Faith Unchosen


    Here's my latest email in the blogalogue with Sam Harris about faith and reason. The full blogalogue so far can be read here.

    Dear Sam

    Thanks for waiting for this belated response. As a form of apology, and since some readers have said I've ducked some of your specific questions in the past, perhaps I should answer your last question first. It may move things forward a little. You wrote:

    "What would constitute "proof" for you that your current beliefs about God are mistaken? (i.e., what would get you to fundamentally doubt the validity of faith in general and of Christianity in particular?)"

    It's a good question. It prompts me to say something I've been reluctant to talk about for reasons best expressed by Wittgenstein. But here goes anyway.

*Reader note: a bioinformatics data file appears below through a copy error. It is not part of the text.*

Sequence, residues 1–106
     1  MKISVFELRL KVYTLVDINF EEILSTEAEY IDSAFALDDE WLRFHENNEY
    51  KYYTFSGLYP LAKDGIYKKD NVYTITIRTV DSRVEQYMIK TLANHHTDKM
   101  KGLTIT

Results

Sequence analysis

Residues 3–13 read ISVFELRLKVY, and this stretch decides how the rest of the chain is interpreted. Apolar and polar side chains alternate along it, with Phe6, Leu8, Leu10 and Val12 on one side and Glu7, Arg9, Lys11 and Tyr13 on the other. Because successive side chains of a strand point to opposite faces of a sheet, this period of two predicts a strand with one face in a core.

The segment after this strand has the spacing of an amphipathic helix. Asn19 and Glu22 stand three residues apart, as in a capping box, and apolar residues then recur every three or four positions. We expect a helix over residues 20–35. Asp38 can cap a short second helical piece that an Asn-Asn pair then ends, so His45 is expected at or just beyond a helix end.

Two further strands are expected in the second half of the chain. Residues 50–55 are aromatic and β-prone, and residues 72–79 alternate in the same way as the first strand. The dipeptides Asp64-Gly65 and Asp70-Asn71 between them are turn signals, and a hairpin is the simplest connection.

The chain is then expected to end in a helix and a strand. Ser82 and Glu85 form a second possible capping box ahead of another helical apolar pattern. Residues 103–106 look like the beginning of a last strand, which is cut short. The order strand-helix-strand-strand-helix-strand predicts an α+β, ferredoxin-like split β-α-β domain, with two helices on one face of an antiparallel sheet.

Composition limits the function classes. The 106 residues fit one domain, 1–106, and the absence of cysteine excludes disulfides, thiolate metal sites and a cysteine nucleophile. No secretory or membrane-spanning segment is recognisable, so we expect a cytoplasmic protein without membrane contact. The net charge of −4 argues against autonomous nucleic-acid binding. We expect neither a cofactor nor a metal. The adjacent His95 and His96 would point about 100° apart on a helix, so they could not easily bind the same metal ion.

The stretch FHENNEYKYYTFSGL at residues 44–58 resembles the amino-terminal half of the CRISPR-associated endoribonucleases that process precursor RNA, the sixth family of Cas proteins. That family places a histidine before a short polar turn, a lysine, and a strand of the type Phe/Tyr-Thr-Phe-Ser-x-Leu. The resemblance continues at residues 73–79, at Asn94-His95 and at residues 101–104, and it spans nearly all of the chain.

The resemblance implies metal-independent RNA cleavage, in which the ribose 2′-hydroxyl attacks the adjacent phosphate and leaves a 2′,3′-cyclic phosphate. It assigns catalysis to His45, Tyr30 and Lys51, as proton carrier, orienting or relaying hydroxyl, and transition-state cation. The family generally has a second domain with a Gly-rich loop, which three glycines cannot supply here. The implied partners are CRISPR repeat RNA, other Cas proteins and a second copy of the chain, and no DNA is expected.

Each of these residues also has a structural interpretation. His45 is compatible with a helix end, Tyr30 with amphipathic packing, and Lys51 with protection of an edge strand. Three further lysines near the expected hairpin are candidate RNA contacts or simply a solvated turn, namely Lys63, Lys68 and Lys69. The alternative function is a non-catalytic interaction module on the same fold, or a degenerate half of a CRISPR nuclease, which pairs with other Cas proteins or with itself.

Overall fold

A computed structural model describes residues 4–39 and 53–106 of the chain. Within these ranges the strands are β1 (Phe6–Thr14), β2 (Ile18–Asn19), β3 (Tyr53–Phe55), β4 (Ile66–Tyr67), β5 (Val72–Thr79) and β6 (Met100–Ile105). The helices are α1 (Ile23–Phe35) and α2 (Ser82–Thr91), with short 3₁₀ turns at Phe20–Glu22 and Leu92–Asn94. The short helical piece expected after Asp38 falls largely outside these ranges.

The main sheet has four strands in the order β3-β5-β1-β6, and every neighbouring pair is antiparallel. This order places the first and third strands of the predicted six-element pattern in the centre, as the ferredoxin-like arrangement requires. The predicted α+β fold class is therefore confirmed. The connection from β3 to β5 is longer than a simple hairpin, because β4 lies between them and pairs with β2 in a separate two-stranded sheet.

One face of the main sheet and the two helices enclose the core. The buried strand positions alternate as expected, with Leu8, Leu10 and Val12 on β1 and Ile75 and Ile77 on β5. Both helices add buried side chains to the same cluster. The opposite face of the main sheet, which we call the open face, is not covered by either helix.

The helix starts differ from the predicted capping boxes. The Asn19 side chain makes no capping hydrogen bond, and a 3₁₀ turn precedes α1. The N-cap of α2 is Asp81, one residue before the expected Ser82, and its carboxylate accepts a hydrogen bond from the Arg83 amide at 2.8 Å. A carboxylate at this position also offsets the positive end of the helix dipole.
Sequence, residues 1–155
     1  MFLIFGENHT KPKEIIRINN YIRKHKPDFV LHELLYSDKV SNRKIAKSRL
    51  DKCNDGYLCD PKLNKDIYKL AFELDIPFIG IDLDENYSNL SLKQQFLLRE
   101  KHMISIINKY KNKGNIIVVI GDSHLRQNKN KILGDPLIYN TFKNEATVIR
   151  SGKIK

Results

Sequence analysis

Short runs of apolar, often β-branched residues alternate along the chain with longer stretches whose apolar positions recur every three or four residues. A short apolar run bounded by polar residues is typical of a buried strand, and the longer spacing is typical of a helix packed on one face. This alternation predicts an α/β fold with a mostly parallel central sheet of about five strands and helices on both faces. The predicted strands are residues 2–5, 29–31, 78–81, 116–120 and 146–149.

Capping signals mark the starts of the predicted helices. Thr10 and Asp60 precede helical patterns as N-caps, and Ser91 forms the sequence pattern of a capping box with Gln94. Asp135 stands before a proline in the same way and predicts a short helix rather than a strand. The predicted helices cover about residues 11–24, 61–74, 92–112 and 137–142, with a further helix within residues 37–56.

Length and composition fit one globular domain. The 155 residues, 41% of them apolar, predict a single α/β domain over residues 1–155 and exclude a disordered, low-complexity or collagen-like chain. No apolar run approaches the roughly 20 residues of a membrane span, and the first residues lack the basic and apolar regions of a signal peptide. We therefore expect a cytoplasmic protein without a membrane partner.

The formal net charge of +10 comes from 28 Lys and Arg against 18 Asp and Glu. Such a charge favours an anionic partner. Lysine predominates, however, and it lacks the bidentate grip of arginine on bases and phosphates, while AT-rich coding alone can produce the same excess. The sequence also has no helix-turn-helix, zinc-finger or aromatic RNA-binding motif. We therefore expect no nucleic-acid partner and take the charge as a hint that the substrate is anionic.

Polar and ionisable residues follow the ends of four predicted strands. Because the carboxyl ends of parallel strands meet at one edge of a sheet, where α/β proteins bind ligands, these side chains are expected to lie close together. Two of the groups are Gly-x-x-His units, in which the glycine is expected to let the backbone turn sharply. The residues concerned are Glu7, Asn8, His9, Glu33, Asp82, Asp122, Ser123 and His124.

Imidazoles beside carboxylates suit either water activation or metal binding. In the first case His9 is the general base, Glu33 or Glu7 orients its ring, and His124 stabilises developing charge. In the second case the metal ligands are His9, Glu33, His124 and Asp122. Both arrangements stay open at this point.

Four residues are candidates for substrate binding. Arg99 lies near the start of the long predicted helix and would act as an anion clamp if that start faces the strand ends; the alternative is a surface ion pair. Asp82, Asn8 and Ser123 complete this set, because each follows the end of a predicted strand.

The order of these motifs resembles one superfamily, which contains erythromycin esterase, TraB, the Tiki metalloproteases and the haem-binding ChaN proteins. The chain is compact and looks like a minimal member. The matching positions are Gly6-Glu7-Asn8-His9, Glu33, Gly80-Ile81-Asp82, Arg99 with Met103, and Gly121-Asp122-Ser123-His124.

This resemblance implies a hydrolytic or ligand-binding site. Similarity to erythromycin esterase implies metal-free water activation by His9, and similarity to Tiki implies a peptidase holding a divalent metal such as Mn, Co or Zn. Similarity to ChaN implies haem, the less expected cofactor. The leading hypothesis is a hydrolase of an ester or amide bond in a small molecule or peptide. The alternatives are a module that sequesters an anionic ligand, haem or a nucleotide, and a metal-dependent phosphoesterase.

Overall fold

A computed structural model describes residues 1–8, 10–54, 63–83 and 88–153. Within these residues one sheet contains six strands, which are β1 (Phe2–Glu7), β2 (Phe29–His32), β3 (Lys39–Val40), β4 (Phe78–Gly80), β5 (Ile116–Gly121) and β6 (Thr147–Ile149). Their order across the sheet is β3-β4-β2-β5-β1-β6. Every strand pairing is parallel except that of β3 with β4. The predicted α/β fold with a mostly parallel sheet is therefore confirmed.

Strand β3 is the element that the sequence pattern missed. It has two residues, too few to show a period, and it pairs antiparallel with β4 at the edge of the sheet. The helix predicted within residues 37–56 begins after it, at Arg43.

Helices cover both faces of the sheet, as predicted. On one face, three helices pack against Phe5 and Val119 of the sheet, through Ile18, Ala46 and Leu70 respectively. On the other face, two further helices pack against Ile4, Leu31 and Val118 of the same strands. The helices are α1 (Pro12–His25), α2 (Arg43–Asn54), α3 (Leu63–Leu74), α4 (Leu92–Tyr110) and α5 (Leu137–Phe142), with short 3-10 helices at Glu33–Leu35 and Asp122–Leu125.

I have never doubted the existence of God. Never. My acceptance of God's existence - of a force beyond everything and the source of everything - goes so far back in my consciousness and memory that I can neither recall "finding" this faith nor being taught it. So when I am asked to justify this belief, as you reasonably do, I am at a loss. At this layer of faith, the first critical layer, the layer that includes all religious people and many who call themselves spiritual rather than religious, I can offer no justification as such. I have just never experienced the ordeal of consciousness without it. It is the air I have always breathed. I meet atheists and am as baffled at their lack of faith - at this level - as you are at my attachment to it. When people ask me how I came to choose this faith, I can only say it chose me. I have no ability to stop believing. Crises in my life - death of loved ones, diagnosis with a fatal illness, emotional loss - have never shaken this faith. In fact, they have all strengthened it. I know of no "proof" that could dissuade me of this, since no "proof" ever persuaded me of it.